Abu Dhabi Waste Management Center (Tadweer) has announced the opening of its expanded used tyre recycling facility in Abu Dhabi.
Run in strategic partnership with the private sector, the facility aims to ensure the safe disposal of used tyres to avoid public health and environmental risks, a statement said.
To ensure the facility’s success, Tadweer has contracted with Tarheel Collecting Wastes, an Abu Dhabi-based firm with over 10 years of extensive expertise in waste management and environment services.
Under its partnership with Tadweer, Tarheel collects and cleans used tyres prior to their recycling and treatment at the dedicated facility. With a capacity to treat 70,000 tonnes of used tyres annually, the facility has recycled nearly 17,000 tonnes of tyres since the beginning of 2020 until the end of its third quarter. In collaboration with its Italian partner, Tarheel has set up a new integrated automated plant that has increased its total facility capacity to 100,000 tonnes annually.
In expanding its used tyres recycling facility, Tadweer seeks to significantly reduce the health and environmental risks associated with burning tyres which causes serious damage to water, soil, air and public health, and could lead to diseases such as asthma, cancer, allergies, etc. Furthermore, tyres burning can have detrimental effects on the planet by driving global warming that has emerged as one of the most important environmental issues in recent years.
The disposal of used tyres in landfills causes serious effects on environment as the rubber can take up to 1000 years to decompose due to its high sulfur content. This has prompted countries across the world to ban scrap tyres from landfill with the European Union issuing legislations that include a complete ban on the landfill disposal of tyres to protect public health and environment.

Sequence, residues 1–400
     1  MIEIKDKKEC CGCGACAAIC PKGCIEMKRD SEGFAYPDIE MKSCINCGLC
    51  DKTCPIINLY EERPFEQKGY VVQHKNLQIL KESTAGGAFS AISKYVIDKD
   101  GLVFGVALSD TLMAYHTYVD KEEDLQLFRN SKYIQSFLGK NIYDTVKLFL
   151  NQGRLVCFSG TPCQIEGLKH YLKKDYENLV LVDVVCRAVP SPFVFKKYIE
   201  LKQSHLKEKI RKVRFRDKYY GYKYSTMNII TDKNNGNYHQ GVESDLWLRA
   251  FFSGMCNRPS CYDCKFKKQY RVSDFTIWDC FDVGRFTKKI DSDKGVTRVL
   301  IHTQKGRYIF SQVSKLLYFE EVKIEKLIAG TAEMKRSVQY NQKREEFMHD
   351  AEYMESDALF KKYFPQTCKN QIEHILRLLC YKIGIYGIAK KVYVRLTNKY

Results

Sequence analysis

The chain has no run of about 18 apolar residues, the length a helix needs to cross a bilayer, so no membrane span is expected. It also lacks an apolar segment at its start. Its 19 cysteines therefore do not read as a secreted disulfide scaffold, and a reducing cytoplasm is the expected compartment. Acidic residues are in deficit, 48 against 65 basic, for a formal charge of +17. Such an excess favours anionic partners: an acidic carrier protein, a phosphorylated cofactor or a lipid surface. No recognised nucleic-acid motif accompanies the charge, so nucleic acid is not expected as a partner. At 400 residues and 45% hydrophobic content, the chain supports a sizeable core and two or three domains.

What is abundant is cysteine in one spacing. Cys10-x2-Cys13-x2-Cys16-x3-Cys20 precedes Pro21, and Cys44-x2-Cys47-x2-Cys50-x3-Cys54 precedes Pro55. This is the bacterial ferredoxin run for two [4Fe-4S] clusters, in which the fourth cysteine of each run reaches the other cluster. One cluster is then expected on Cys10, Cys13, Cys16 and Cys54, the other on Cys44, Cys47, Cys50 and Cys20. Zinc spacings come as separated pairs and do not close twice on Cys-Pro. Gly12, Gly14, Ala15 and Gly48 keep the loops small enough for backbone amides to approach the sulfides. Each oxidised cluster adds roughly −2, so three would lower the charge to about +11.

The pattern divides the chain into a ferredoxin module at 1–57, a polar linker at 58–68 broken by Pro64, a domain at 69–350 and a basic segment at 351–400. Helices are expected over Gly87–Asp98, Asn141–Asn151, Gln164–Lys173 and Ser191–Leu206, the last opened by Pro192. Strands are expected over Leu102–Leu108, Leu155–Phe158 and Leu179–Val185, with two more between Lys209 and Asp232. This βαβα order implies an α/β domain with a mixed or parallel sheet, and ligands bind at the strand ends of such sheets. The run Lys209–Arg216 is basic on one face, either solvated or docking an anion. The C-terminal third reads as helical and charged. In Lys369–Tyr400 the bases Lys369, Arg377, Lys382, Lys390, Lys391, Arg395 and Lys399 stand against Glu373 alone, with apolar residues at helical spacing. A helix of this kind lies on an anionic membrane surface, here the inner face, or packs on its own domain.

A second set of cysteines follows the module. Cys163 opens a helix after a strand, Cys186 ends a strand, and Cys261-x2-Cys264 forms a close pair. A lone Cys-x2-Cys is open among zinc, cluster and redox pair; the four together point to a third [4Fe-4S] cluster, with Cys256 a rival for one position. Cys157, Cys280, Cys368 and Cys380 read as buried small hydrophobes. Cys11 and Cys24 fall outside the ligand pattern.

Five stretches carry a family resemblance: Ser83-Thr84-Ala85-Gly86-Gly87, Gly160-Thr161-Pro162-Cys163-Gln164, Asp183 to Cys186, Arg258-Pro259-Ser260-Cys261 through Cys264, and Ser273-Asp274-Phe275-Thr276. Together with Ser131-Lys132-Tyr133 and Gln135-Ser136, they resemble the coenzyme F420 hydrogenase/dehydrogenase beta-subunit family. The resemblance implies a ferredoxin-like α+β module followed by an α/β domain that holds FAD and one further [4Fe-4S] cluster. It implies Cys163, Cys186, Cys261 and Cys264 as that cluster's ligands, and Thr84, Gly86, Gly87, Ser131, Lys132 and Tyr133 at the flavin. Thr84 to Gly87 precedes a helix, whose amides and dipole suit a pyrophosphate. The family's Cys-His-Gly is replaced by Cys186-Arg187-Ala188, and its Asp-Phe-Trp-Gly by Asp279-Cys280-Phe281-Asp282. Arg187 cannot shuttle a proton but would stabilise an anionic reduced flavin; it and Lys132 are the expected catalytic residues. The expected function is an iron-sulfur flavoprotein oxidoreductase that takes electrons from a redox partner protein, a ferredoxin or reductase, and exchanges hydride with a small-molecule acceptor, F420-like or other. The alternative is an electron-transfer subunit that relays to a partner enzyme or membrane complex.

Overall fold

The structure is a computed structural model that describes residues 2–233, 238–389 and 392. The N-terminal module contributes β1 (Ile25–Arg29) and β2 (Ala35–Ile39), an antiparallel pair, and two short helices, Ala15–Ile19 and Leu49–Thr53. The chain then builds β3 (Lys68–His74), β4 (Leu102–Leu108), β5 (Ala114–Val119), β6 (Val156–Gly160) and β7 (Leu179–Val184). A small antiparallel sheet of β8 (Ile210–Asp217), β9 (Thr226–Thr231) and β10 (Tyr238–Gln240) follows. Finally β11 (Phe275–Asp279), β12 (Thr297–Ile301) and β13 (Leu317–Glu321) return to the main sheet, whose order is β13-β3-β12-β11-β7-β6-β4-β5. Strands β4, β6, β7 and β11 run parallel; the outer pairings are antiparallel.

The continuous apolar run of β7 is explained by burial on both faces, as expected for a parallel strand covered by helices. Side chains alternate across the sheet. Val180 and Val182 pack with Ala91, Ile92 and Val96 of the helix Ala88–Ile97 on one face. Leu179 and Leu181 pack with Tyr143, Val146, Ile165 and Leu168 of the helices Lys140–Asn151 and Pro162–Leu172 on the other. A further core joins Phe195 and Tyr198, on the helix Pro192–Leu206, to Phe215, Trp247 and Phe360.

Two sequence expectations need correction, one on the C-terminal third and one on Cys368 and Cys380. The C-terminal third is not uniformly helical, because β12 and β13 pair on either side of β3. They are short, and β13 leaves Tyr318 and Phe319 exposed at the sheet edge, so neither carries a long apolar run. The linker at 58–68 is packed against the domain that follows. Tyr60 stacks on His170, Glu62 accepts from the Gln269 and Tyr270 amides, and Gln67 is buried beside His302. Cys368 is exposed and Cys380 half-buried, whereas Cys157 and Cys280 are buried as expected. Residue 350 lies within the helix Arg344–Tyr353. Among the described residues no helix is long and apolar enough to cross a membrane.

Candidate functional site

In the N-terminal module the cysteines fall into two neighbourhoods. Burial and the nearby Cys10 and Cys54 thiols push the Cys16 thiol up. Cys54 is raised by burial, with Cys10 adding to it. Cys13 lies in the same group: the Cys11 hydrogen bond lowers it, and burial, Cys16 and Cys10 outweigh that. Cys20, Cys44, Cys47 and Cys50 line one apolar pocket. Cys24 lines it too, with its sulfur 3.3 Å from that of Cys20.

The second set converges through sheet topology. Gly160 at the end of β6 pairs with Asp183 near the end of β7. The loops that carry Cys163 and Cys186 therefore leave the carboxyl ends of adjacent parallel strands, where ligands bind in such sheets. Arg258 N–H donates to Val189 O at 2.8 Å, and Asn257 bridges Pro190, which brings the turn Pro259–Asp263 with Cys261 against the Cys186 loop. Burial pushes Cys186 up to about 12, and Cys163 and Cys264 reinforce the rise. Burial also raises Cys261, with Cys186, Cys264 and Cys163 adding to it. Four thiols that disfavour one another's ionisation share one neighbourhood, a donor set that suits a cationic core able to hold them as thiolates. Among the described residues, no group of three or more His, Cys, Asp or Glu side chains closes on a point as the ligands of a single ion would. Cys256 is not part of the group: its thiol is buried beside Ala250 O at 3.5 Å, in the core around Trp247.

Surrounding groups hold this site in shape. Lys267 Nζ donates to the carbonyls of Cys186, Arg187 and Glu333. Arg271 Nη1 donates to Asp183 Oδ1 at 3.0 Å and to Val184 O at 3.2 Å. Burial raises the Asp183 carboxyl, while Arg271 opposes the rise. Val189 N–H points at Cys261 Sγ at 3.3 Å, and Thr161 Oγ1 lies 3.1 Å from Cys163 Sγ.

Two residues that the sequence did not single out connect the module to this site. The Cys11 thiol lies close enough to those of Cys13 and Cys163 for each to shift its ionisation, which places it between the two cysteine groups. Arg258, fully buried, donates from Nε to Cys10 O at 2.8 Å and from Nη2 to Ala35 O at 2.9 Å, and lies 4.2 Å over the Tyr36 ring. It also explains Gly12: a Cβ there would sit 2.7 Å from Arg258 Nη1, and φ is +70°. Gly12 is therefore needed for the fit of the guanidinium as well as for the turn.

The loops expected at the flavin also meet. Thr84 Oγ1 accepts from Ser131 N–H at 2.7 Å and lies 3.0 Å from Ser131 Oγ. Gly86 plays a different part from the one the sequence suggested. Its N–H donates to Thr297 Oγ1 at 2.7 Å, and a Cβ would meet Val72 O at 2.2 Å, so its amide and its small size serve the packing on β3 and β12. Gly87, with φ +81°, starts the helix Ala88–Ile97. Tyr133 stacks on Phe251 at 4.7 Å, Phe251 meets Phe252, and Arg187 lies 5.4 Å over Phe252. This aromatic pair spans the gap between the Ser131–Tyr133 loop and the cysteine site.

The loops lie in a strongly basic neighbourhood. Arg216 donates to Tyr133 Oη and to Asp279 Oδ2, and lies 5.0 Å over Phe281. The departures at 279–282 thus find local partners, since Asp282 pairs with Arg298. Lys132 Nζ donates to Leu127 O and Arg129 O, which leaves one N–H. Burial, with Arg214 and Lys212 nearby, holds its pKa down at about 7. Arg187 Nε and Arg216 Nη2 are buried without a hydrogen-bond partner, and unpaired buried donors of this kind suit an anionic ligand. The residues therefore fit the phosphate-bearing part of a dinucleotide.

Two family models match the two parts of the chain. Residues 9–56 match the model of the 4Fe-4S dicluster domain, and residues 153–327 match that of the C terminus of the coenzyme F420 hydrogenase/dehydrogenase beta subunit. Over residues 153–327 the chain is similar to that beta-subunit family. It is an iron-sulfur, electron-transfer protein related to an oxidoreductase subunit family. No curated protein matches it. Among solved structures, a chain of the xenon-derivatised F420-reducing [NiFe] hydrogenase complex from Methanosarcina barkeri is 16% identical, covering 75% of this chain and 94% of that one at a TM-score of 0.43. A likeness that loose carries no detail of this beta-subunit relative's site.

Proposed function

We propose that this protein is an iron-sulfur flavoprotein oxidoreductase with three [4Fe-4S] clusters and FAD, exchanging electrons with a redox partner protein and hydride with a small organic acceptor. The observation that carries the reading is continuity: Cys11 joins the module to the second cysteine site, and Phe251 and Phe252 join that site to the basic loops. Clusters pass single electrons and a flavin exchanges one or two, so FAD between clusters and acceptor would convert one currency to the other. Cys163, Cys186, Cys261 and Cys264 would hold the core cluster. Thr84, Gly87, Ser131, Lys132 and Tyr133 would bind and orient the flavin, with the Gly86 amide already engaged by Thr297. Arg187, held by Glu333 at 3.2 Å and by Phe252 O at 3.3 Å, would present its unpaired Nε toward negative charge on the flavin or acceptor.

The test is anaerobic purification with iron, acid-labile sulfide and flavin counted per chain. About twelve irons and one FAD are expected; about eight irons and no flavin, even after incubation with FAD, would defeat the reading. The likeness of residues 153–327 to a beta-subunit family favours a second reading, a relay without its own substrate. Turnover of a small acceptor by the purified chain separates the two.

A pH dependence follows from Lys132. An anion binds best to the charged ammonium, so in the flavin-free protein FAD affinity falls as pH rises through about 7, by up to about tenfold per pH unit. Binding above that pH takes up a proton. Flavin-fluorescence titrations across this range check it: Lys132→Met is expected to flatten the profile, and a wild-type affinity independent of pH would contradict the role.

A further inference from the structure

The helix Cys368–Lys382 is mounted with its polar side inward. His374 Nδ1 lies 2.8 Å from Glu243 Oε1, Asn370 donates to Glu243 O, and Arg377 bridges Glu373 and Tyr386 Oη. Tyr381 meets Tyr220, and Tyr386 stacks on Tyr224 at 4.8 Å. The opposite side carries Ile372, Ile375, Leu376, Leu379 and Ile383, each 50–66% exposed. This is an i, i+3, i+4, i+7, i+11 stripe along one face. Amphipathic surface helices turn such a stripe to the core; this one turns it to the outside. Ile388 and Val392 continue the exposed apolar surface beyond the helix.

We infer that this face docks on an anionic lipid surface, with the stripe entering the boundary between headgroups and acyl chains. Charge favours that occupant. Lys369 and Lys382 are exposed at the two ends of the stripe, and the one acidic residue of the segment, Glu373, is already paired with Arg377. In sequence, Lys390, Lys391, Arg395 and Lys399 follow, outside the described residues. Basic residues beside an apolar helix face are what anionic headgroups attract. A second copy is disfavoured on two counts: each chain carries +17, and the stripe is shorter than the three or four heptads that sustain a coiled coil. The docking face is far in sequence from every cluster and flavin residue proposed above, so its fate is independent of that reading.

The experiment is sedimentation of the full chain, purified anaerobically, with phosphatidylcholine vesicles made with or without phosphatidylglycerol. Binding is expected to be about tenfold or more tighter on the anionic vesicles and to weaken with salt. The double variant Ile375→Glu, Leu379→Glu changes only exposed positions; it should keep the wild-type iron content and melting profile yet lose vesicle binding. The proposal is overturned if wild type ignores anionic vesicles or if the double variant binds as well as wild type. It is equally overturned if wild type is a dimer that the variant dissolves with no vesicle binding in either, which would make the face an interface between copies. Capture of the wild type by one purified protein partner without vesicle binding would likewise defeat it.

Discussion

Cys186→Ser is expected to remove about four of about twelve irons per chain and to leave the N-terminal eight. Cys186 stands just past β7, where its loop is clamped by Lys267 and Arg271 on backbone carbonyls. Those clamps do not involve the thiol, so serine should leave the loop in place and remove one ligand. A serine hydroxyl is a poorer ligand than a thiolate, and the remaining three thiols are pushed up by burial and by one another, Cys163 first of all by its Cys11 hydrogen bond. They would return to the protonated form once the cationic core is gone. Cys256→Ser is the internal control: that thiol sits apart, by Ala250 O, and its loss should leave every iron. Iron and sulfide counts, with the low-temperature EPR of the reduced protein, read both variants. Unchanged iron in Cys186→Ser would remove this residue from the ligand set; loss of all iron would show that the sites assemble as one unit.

Recycling of scrap tyres provides an excellent opportunity to use them as an alternative fuel in cement manufacturing. Scrap tyres are used in cement kilns where they are burnt at high gas temperatures of 1000-1200-degC resulting in an instantaneous, complete, and non-smokeless tyres combustion.
Tyres-derived fuel (TDF) is more cost effective than fossil fuels, and helps preserve natural resources by reducing the dependence on fossil fuels. TDF allows cement manufactures to reduce emissions and production costs, turning scrap tyres from an environment and public health challenge to an efficient source of alternative energy.
Dr Salem Al Kaabi, Director General of Tadweer, said: “The opening of our expanded used tyres recycling facility is aligned with Tadweer’s strategic objective of converting used tyres from an economic burden into a valuable economic resource. In addition to reducing the adverse effects of scrap tyres on public health and the environment, the expanded facility will go a long way in saving energy and cutting related costs.
Tadweer is committed to stepping up collaboration with its partners from the government and private sectors to benefit from global expertise in the safe disposal of used tyres to protect the environment from the adverse effects of harmful ingredients used in tyres production. In addition to reducing pollution significantly, Tadweer’s approach in dealing with such materials has helped local market to source materials locally in line with the highest international quality and safety standards.
“Tadweer will continue to utilize the latest recycling technologies and global best practices to achieve its goal of safeguarding public health, preserving environment and supporting the sustainable development of Abu Dhabi, Al Kaabi added.
Tadweer is the key government entity responsible for all activities related to the development of waste management services in the emirate of Abu Dhabi, including the collection, transportation, treatment and disposal of waste in a safe, efficient and economical manner. The Center is also tasked with carrying out pest control, educating communities about the significance of protecting the environment, and encouraging them to adopt sound environmental habits to drive sustainable development.—TradeArabia News Service